Tonight we went to the annual dinner sponsored by our kids’ K-12 school. It’s been 2, 4, and 6 years since our kids graduated from high school, but we are very grateful to the place and continue to support it however we can.

But, going to the dinner every year is a little like Rick Nelson’s old song, Garden Party. You may remember these lyrics: ” If you gotta play at garden parties, I wish you a lotta luck. But if memories were all I sang, I’d rather drive a truck.”

Lots of memories at tonight’s dinner. We saw most of our kids’ teachers, the principal, and parents with kids younger than ours who overlapped with our kids’ tenure at the school. Good memories, for the most part. Sure, there were a few middle school and high school moments that weren’t so pleasant on recall, but they were outnumbered by the good things the dinner helped us remember. But, if memories were all we shared, I’d rather drive a truck. The best part of the dinner was not the memories it triggered, but the “flowing river effect. ” In addition to all the old faces,  we saw many young parents whom we have never met. They had no idea who we are or who our kids are. Unaware of the hours we had spent volunteering, coaching, room-parenting, driving field trips. Unaware of our kids’ sports heroics, student council war stories, school newspaper articles, SAT scores, or even their graduation speeches that seemed so earth-shattering at the time.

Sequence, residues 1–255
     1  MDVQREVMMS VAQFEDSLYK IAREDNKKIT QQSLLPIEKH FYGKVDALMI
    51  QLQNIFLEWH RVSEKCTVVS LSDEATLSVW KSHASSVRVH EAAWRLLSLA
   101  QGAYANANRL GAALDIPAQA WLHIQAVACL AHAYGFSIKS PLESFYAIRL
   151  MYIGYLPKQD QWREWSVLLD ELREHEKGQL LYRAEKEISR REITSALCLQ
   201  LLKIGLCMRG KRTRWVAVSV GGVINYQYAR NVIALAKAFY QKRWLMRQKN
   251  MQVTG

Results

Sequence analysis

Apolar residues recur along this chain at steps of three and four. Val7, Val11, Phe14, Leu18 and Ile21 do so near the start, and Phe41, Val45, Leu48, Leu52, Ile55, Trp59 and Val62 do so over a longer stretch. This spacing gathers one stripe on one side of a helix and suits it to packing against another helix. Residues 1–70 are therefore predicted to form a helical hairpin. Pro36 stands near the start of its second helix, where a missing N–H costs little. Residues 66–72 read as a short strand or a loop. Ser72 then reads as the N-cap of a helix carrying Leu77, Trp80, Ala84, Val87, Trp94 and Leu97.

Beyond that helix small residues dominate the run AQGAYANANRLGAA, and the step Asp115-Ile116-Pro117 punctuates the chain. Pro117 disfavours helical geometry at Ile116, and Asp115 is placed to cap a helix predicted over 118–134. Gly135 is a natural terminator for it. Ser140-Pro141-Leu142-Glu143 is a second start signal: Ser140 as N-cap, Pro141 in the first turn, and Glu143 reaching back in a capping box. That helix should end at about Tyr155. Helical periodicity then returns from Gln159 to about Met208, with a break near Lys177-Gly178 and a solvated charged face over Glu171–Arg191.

School is like a flowing river. New kids always arriving as the older ones leave for college and beyond. Each new class’ parents thinks their kids’ experiences will be groundbreaking, unique, novel. Each class of graduates’ parents, in turn, believes their kids’ experiences were groundbreaking, unique,  and novel; never to be reproduced. Year after year, kids flow through a school. As a professor, I have watched this with my own medical students for the past 30 years. The new freshmen are frightened and awestruck; the graduating seniors know it all and no one will ever know more. When alums come back to visit, to a person they comment on how young the curent students look. Did we look that young, they ask? And the river continues to flow.

If memories were all we shared, I’d rather drive a truck.  The best part of annual school dinners, graduations, and reunions is not the memories, but the panoramic view of the flowing river. The view is even more special if you are lucky enough, as we have been, to feel as if  you experienced your kids’ school years vividly and intimately. When you look at the parents of new kindergartners, will you feel the contentment of knowing you were there for, and with, your kids when they were in kindergarten. And first grade? And second? Did you find the time? Did you make the most of the time you found?

Choose the No Regrets Parenting approach to your kids’ K-12 years so you can look forward to looking back someday. Look forward to looking back with fondness and nostalgia, but without regrets about missing the important things in life.

Leave a Reply

Your email address will not be published. Required fields are marked *